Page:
Or is it merely an extension of the concept?
Ages ago I had a coworker who would complain, good-naturedly, about his wife’s habit of going to 4 different stores to do her grocery shopping. He’d even chosen the phrase “the tuna run” because they drove to a particular store simply because that store was having a fabulous sale on tuna fish.
It’s no surprise he wondered if the gas they used going from store to store cost more than what she saved with these obstacle course-like trips.
And that was back when gas was still under $2 a gallon!
Oh, for those days…
But I digress. The point was, she was willing to go that extra mile to save her pennies, and many people do far more these days.
Back when I was first exposed to the Extreme Couponing phenomenonÃ‚Â my biggest complaint was and still is that coupons are frequently for highly-processed convenience foods. Sure, we could use the occasional household goods coupons, but it certainly wasn’t worth our while when the majority of what we buy is fresh or frozen produce (without the instant sauces), meats that have been no more processed that a trip through the butcher’s table, and basic staples.
Now, though, I’ve come across something that might just fill the gap.
On Pinterest (it’s not just for decorating ideas) I noticed a friends pin on price-matching.
For those who aren’t instantly familiar, some stores (of which Wal-Mart is a shining example) will match the price of another store. While they may loose a small amount of the mark-up represented in the shelf price, it’s far better than having you go to another store and them losing out on the sale completely.
Apparently, this extends to groceries, too. Including produce and meat.
And all it takes to take advantage of this tactic, is a little homework.
Many grocery chains have a weekly sales flyer. Most of them also have this flyer available online so you don’t even have to subscribe to a mailing list or swing by every Tuesday or so when the ads come out. And since Wal-Mart, at least, doesn’t require you to have the advertisement on you to claim the lower price, all you need is the knowledge.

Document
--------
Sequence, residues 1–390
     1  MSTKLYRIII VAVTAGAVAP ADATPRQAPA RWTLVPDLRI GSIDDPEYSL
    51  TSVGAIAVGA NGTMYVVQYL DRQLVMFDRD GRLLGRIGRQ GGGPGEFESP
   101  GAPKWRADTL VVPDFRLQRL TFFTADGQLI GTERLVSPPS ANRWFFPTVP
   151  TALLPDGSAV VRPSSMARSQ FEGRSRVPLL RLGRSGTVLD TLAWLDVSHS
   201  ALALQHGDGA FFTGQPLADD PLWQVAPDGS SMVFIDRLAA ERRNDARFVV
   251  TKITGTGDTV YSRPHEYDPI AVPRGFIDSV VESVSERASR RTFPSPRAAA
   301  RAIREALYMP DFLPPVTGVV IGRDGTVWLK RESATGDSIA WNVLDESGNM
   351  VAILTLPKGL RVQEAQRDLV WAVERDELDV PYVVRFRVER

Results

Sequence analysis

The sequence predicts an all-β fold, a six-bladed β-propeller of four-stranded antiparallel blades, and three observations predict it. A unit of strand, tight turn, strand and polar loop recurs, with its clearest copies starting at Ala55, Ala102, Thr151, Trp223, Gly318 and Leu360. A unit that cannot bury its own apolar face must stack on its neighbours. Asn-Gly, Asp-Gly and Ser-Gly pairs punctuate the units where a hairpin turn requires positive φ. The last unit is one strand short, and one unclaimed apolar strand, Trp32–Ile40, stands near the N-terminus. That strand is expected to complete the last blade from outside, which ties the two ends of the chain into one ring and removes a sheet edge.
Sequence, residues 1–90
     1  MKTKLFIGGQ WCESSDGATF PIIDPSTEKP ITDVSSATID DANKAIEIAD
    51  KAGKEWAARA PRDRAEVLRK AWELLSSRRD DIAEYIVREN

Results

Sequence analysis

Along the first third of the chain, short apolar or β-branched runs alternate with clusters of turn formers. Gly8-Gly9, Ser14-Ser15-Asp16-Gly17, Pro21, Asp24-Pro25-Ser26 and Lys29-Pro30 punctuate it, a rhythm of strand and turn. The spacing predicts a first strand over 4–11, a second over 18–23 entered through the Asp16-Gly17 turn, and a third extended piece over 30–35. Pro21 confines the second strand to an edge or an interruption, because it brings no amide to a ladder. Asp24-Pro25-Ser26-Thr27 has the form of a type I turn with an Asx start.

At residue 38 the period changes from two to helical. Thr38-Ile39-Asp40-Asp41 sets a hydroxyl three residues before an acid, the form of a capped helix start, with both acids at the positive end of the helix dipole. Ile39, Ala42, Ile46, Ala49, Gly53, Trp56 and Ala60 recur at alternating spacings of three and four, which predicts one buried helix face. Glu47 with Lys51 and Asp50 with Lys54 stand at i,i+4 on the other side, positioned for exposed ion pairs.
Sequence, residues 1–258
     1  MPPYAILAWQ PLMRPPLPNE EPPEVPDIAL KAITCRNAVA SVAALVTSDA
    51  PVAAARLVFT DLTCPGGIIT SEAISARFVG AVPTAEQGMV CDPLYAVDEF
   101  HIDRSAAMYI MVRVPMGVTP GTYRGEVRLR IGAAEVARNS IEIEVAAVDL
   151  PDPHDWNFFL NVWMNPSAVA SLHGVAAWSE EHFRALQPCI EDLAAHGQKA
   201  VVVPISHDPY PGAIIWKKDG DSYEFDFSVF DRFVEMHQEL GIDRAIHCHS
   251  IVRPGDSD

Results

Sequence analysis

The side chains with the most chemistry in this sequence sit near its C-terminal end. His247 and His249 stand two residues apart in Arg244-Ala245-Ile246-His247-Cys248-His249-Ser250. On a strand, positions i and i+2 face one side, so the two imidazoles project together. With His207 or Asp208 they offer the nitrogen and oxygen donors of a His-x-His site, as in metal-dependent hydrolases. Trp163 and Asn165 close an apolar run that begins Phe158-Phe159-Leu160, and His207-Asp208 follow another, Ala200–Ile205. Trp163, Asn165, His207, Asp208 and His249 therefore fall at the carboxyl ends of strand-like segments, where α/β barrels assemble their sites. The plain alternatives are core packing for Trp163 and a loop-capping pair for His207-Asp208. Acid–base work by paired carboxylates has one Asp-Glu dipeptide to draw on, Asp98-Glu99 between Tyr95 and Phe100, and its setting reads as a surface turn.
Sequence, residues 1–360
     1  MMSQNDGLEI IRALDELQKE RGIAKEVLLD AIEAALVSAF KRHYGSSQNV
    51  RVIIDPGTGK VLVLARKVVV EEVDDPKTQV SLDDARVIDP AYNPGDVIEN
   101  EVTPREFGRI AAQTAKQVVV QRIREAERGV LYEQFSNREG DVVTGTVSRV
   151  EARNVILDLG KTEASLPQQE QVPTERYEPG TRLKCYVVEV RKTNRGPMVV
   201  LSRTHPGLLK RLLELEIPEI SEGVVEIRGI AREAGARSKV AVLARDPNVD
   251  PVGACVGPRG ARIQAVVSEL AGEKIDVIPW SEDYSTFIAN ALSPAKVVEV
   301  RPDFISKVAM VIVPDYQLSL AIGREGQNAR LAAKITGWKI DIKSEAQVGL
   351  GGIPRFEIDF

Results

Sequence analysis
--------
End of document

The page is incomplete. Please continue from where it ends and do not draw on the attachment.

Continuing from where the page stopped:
I shop at Wal-Mart on my weeks of kitchen duty. It’s not my first choice, honestly, as I prefer to aesthetic quality of shopping at Publix, but the receipts bear witness to the fact that I spend less at Wal-Mart. So, unless I need a specialty ingredient or am just swinging-in on my way home from work, Wal-Mart it is.
Across town, however, we have a Save-a-Lot and a Harvey’s, both known for deep discounts and pretty good sales. I’m not about to trek down there on the weekends, though, so price matching through their online ads allows me the savings without having to go to more than one store. I didn’t even check Winn-Dixie, come to think of it.
Something else I learned by doing my homework was that a lot of these store-sites have a “shopping list” feature where you can click on the items in the ad or drag them over and it puts your choices on a printable list. Just because you don’t need the ad, doesn’t mean it doesn’t hurt to have the prices at your fingertips–and only the ones that you need.
So this week was my test, just to see if it was really as easy as it seemed.
Turned out, of my shopping list this week there was only 1 thing I needed that I could price match, but all I did was speak up as the cashier was about to scan it and they changed the price with no problem.
The girl behind me asked “That really works?”
Apparently it does.
I didn’t cut my food bill in half this week–truth be told I saved a whopping $2–but the point is that it IS possible, it’s a lot less cumbersome than coupons, and the homework is a far sight simpler than the other way.
Has anyone else tried this? What were your experiences with it?